With the holidays around the corner, many of us will be on an airplane going somewhere! But even during the rest of the year, using WiFi on airplanes can come in handy. Are you familiar with how to get the best deals for WiFi with each of the major airlines? I wasn’t, so I went looking for some information and want to share what I found. Sure, we might know about Gogo, which provides inflight WiFi to Alaska, American, Delta, and United, but there are other internet providers as well. And some airlines don’t yet offer WiFi. It can be confusing! Here’s the best guide I’ve seen that breaks it all down for us. Check it out!
The Priority Pass program has been getting a lot of good press lately due to their expansion of both their lounges and airport restaurants. A fellow traveler recently asked me about the lounges and how to get access to them. I was boarding a plane so didn’t have time to explain it, so I sent them to our website to read up on the Priority Pass program. Well, the next email I got from them was rather surprising. There wasn’t anything recent on TWG for them to read about Priority Pass (Grant did write about using the Priority Pass app back in October 2015). So here’s one for you, fellow traveler, and I’m sorry I sent you on a wild goose chase.
Priority Pass is a program with more than one thousand airport lounges all over the world. More often than not, people pay a yearly membership fee for unlimited Priority Pass lounge access. But there are credit cards that come with free Priority Pass lounge access as one of their benefits. And this benefit can be tricky because depending on which credit card you have, the rules and benefits are different. Costs (if not free) vary as do the number of guests you can bring into the lounge with you.
Last week in my rant at Hyatt, readers suggested the issue was the incompetence of my concierge. I’ll admit, I was a bit defensive. When I was first assigned a concierge, I spoke with her to get acquainted. The first task I asked her to do for me was to amend some reservations I already had. That came off without a hitch. However, the more I looked into the Departures Magazine ad and the responses my concierge was giving me, I started thinking my readers were right.
One reader asked me if I had actually given my concierge the DUSA promo code, which was the code given in Departures Magazine to bring up the Park Hyatt deal for 3rd or 4th night free. I had not spelled it out for her, though she did acknowledge knowing about the Park Hyatt special offer. So I sent her another email specifying the DUSA promo code and asking her to check again. I gave her random dates and asked her to check the Park Hyatt Saigon. Here’s what she said in replying to my request:
The offer code DUSA does not bring up anything. It may be a different code for each property so I searched the properties you requested based on a 4 night in the time frame for a 3rd or 4th night free offer. Again, I do not see that it is available.
Many years ago, (I’m not saying how many), I needed to get from the west coast to Boston. A friend and I took what I think back then was called a Driveaway car. Someone paid a company to get their car across the country and the company looked for drivers. We weren’t paid; we covered the cost of gas, had a set amount of time for the car to arrive at its destination, and off we went. Now there seems to be a trend for rental vehicles that need to be relocated, both for seasonal reasons and also because some routes are more popular in one direction than the other. The rental car companies offer directional specials, hoping to encourage people to rent and go against the flow and bring the vehicles back for them. It’s a supply and demand issue for them.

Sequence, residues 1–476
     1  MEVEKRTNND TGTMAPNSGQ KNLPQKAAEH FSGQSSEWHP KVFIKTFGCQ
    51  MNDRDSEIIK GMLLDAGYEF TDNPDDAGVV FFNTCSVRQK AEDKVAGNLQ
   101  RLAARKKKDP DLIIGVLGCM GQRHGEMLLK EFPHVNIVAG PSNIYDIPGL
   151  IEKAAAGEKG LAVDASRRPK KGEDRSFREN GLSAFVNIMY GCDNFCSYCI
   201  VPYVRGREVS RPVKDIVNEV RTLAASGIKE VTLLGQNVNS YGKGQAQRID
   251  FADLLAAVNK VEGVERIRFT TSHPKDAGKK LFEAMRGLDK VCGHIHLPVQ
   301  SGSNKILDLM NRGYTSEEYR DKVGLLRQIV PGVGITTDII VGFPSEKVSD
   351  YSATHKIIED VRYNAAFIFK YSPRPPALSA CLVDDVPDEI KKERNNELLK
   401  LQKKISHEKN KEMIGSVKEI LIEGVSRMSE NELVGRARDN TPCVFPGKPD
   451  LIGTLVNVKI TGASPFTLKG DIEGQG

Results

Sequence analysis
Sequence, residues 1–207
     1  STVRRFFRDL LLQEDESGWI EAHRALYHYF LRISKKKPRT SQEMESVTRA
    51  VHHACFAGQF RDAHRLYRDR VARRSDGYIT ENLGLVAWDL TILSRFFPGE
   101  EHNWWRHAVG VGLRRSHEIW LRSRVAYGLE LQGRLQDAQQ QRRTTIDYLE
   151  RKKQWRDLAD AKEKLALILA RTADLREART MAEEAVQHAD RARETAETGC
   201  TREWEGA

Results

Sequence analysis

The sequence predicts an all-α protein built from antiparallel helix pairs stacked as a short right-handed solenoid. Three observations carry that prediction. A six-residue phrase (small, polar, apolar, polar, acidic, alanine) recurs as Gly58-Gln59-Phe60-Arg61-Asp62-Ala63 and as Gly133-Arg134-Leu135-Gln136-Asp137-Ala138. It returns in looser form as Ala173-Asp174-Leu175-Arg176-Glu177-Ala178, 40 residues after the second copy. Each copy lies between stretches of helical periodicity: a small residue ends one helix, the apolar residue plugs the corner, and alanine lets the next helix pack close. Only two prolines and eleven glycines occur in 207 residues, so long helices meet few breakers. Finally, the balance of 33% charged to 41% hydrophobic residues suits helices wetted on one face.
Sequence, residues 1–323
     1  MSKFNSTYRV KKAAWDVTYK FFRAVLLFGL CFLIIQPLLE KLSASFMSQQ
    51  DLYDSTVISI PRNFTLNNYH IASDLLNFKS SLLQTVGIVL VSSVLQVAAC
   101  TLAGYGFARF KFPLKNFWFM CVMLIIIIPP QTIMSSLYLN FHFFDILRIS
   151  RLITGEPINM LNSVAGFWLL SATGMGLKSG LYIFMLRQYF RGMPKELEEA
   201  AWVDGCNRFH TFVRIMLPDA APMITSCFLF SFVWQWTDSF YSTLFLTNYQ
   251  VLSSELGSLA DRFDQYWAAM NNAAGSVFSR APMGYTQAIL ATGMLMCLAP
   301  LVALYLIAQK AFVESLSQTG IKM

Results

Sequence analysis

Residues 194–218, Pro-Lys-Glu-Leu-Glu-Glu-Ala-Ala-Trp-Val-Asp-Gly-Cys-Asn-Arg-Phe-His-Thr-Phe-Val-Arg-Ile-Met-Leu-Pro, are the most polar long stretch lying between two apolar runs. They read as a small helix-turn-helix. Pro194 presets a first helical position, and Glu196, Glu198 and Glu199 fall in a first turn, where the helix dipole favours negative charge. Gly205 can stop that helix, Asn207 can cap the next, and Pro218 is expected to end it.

There’s a new website that I came upon called Imoova. It searches and has details for these one-way rentals. It seems you can find yourself paying as little as $1/day for a vehicle. Most of their listings are in New Zealand and Australia, but they have a few in the US and plan to grow further. If you have flexibility in your travel plans, this might save you money. What interested me the most are their RV relocation deals (Grant relocated an RV from Los Angeles to Denver with TransferCar). And some of their campervan deals looked good, too.
When I feel a rant coming on, at first I second guess myself. Is what I’m experiencing really rant worthy? Would other people rant about this too? Once I’ve answered YES to those 2 questions, I rant :) So here we go. Oh Hyatt, I have such a love-hate relationship with you. But this week, you’re making me mad! Maybe I’ve misread you or misunderstood your intention, but I don’t think so. And now I’m asking our readers to back me up or tell me I’m wrong. We shall see.
It all started when my Departures Magazine came. I was flipping through it and noticed a Hyatt ad for their Park Hyatt hotels. You all know I love the Park Hyatt properties and this year alone I had two amazing Park Hyatt stays (Buenos Aires and Milan). So of course the ad caught my eye. What really caught my attention was that the ad was a Special Offer for a complimentary third or fourth night at participating Park Hyatt hotels. Hmm, this could be a chance to plan a trip to try some Park Hyatt’s I haven’t stayed at yet.